Saturday, December 3, 2011
Skew (2011) Dir. by Sevé Schelenz
When Simon, Rich, and Eva head out on an eagerly anticipated road trip, they bring along a video camera to record their journey. What starts out as a carefree adventure slowly becomes a descent into the ominous as unexplained events threaten to disrupt the balance between the three close friends. Each one of them must struggle with personal demons and paranoia as friendships are tested and gruesome realities are revealed...and recorded. Written by Sleep Apnea Productions Inc on IMDB.com
When I was asked to review Skew, I didn't really know what to expect. This can be a good thing when dealing with low budget independent films. That being said, I think it really worked in the favor of Skew. Schelenz seems to have found footage filmmaking down to an art form. Typically when watching films of the found footage genre, there always seems to be some things I can pick out to make the movie seem less effective. Stuff like: a movie that runs 2 hours long and the person operating the camera never puts their arm down, or never turns off the camera or plugs it in to an outlet to charge. Never having to change the tape. Aside from a questionable part near the end this film does a great job of tying up those loose ends. It shows him gathering the cords, multiple tapes, and moments where the camera shuts off for a sustained period of time. I really liked this about this film. It almost seemed to take a unique stab at a storyline from a Goosebumps book I read as a kid, Say Cheese and Die!, where the camera takes pictures of people and the people in the picture die. I don't know if it was intentional, but it seemed to make me like the movie even more.
The acting, while acceptable for the most part, really bugged me a bit when it came to Rich's overacting. He seemed to be the only one that I thought never quite pulled his weight on the screen. Amber Lewis did an amazing job as Eva, and considering you never really get to see Simon in front of the camera, he did exceptionally well bringing life to a voice over.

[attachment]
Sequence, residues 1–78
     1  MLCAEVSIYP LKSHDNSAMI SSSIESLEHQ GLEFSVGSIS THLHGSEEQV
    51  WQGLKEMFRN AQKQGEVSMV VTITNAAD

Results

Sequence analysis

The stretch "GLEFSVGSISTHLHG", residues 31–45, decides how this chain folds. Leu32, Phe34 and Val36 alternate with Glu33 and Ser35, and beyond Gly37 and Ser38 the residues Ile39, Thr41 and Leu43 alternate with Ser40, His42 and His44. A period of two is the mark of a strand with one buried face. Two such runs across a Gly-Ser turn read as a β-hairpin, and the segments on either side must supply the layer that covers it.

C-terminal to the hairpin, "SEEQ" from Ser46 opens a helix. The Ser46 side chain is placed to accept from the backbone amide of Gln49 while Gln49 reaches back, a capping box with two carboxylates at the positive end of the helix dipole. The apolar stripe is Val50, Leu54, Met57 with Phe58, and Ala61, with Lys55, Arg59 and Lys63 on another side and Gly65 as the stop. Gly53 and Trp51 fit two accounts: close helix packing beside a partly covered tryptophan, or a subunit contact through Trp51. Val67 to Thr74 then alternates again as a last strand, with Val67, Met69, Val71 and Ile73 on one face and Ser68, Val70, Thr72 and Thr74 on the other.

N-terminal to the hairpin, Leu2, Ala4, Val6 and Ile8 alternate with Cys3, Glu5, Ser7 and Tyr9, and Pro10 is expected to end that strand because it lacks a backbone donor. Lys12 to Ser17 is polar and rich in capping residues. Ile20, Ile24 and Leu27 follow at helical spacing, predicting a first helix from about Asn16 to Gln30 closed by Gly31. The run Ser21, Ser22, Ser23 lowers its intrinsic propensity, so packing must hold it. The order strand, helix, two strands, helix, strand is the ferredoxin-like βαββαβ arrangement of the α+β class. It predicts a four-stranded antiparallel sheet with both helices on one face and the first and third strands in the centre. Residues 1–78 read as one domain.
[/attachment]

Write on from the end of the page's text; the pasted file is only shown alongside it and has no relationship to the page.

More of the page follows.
There are moments where the film seem to drag on a bit, but sometimes necessary for the development of the characters. With a limited amount of story in a film of this length, there seemed to be times where filler was used that just didn't seem to go anywhere. One thing that was used as a scare tactic was randomly showing dead people in the camera, and often using jump scare tactics, which I admit were very effective, but in the end never seemed to come to life story-wise. The last little bit I want to add is, while the body of the film was fairly entertaining, the ending seemed a bit abrupt and didn't really offer me the closure I was looking for. All in all the film was very entertaining, and I look forward to seeing Schelenz grow as a director and continue to increase his skills and make solid films. I know it seems like I tore the movie apart according to this last paragraph, but it did have a lot of good things going for it and it is worth checking out.
Entertainment Value: 6/10 Gunshots to the head
Cinematic Value: 4/10 Gunshots to the head.